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Ariel Uranus's Bright Moon

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Published on February 13th, 2012 | by Yellow Magpie


Ariel Uranus’s Bright Moon


Uranus’s Moon Ariel

Uranus’s moon Ariel is a half-charted mysterious world that may have harboured a liquid water ocean in its past. Our only pictures of this far-away satellite are over two decades old – yet they have revealed a lot about this cold world.

The brightest of all the Uranian moons, Ariel is the forth-largest of Uranus’s 27 satellites at over 1,100 kilometres (over 700 miles) in width. The moon is named after a character in Alexander Pope’s poem, The Rape of the Lock.

A Tidally Locked Frozen World

Uranus’s moon Ariel orbits Uranus at a distance of 190,000 kilometres (118,000 miles) taking two and a half days (Earth-days) to do so. The satellite is one of the coldest moons in the Solar System with an average surface temperature of minus 213 degrees Celsius (minus 351 degrees Fahrenheit).

Infrared spectroscopic observation has confirmed that Uranus’s moon Ariel has water ice present on its surface. It is thought that the moon is differentiated into an icy mantle and an inner rocky core.

Like our own Moon, and many of the other satellites in the Solar System, Uranus’s moon Ariel is tidally locked. This means that one side of the moon always faces Uranus while the other is always pointed away from the planet.

Uranus’s Moon Ariel And The Voyager Fly-by

Voyager 2 flew by the satellite in 1986 imaging 35 per cent of the moon’s surface in the process.

Painting Of Voyager 2

The relatively close Voyager 2 fly-by has allowed more detailed mapping than those of Oberon or Umbriel. This has allowed scientists to build a fairly good picture of the type of geological features found on Uranus’s moon Ariel.


Scientists maintain that the moon is roughly equally made of ice and rock. The moon was more than likely formed from an accretion disk that was either left over after Uranus’s formation or the result of debris arising from the likely impact which resulted in the planet’s very odd tilt.

Uranus’s moon Ariel was also the subject of expansion which created many of its geological features. The expansion of the interior is estimated to have lasted 200 million years.

Odd Orbit And Long, Long Seasons

Uranus’s moon Ariel’s orbit resides completely within the magnetosphere of Uranus. This means that the moon is continuously struck by magnetospheric plasma which causes its trailing hemisphere to be darkened by charged particles.

Due to the unusual rotational tilt of Uranus, Ariel’s seasons are very extreme. The polar regions experience either complete darkness or continuous sunlight for periods of 42 years.

Uranus’s moon Ariel is extensively cratered and also has ridges and scarps as well as canyons. It is thought that geological activity probably arising from internal heating created some of these features.

The Chasmata

The main surface features of Uranus’s moon Ariel include canyons, ridges, scarps, troughs as well as impact craters.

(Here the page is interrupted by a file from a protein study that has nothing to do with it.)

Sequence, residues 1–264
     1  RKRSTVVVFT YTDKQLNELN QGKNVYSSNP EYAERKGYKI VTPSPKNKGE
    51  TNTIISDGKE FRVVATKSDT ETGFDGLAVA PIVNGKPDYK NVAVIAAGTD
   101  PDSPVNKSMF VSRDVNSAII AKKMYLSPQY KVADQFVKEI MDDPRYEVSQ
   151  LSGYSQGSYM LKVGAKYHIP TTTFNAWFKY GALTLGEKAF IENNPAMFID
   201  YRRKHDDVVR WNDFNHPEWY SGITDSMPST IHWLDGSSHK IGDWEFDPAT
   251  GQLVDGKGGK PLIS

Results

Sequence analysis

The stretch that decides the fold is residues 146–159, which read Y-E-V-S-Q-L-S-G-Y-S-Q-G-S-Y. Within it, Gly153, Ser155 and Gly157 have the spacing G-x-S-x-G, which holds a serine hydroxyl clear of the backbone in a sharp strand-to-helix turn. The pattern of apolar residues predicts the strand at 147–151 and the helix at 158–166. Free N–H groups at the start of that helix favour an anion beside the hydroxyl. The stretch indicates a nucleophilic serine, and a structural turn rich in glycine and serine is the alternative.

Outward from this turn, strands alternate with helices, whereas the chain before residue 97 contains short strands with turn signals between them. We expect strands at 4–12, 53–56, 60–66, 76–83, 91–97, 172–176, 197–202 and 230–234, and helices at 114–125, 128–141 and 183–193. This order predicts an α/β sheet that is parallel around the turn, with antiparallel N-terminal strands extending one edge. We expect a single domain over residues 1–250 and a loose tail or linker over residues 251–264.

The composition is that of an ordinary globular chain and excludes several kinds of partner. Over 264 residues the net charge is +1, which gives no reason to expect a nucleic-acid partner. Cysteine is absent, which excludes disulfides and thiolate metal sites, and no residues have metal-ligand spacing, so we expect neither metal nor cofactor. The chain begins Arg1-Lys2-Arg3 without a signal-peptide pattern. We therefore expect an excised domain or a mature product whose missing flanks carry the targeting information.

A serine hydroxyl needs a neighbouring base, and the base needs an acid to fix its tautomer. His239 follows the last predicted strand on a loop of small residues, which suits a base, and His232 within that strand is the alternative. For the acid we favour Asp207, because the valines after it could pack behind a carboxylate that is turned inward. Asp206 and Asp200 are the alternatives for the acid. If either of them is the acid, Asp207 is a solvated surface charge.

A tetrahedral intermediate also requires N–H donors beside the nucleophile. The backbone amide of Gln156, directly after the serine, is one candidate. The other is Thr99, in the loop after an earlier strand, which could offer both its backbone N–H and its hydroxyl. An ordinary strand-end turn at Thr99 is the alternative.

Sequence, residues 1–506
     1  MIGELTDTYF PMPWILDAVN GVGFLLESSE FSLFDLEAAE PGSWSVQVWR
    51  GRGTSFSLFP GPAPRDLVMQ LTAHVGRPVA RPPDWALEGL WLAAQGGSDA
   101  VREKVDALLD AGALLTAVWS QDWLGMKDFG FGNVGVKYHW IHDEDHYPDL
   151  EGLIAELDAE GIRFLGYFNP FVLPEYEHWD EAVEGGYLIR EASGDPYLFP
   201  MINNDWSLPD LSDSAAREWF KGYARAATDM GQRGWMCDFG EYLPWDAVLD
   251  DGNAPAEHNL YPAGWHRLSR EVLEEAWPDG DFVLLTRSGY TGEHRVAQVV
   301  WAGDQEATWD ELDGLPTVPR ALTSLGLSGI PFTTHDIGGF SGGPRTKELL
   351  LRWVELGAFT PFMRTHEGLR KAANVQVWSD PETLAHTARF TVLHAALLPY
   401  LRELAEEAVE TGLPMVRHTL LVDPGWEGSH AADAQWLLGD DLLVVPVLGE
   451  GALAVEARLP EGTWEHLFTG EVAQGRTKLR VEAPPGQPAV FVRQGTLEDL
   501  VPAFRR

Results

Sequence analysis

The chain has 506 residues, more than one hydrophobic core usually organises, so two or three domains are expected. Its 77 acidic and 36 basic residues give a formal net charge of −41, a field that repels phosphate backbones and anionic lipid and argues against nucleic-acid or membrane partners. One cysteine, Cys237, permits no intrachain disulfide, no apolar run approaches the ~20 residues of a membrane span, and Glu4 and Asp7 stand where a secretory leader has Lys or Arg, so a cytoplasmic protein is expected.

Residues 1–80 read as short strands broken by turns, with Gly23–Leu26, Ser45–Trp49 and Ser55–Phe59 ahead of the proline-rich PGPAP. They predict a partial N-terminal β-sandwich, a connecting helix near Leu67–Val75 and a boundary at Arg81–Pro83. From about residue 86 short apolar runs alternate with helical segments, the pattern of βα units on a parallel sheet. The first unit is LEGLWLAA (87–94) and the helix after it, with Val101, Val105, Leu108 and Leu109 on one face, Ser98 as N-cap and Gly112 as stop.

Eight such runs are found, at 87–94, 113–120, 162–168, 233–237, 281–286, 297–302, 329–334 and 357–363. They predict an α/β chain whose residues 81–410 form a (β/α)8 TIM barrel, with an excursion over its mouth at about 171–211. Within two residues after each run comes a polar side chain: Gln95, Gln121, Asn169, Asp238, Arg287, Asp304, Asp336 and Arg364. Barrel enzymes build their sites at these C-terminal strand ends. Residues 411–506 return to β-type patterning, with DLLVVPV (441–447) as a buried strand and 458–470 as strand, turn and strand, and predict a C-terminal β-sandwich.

The terrain of craters is thought to be Ariel’s oldest geological feature. The canyons, or chasmata, are believed to have been created by the freezing of liquid water deep within the moon. The longest chasmata is Jackina Chasma. This canyon is over 620 kilometres (385 miles) long.

The rigid terrain of ridges and troughs form a cris-crossing network hundreds of kilometres in size. Some of the ridges and troughs are up to 200 kilometres (124 miles) in length. These features are thought to be the result of failures of the crust.

Uranus's Moon Ariel Voyager 2 Close Up

The Craters

The plains are the youngest geological feature on Uranus’s moon Ariel. These are smooth, low-lying areas that took a long period of time to form as can be extrapolated by the differing levels of cratering. These plains are thought to be the result of volcanic activity.

The impact craters on the moon are not as large as those found on other Uranian moons. This suggests that Ariel’s surface is much younger than the date of the Solar System’s formation. Therefore, the moon must have undergone resurfacing after Ariel’s formation.

It is believed that tidal heating must have been the force behind this reshaping. It is thought this occurred when Ariel’s orbit was much more eccentric than it is today.

Ariel’s largest crater at 78 kilometres (48 miles) across is called Yangoor.

Liquid Ocean?

Like Umbriel, Uranus’s moon Ariel may once have had a frozen liquid-water ocean at the boundary layer between the icy mantle and the rocky core. The presence of ammonia and other anti-freezes would have helped to prevent freezing. If this ocean did exist it would long since have become frozen.

Ariel And The Future

So far Voyager 2 is the only spacecraft to visit Uranus’s moon Ariel over two decades ago. Currently, there are no planned missions to the satellite for the foreseeable future.

It may be many more decades before this moon is visited again.

Highly Recommended Reading

Check out Yellow Magpie’s Uranus: The Coldest Ice Giant for more insight into the largest planet in the Solar System.

You may also wish to take a gander at The Solar System And Beyond: A Guide To The Cosmos.

Cosmos is a highly recommended book. It contains large, full-page pictures of the asteroids and writing on the subject by the highly competent author, Giles Sparrow.


For people living in Ireland or the United Kingdom, you can access: Cosmos from here.


For those who live in Canada, you can obtain: Cosmos here.


For Germany: Cosmos.


For France: Cosmos.

About the Author

2 Responses to Ariel Uranus’s Bright Moon

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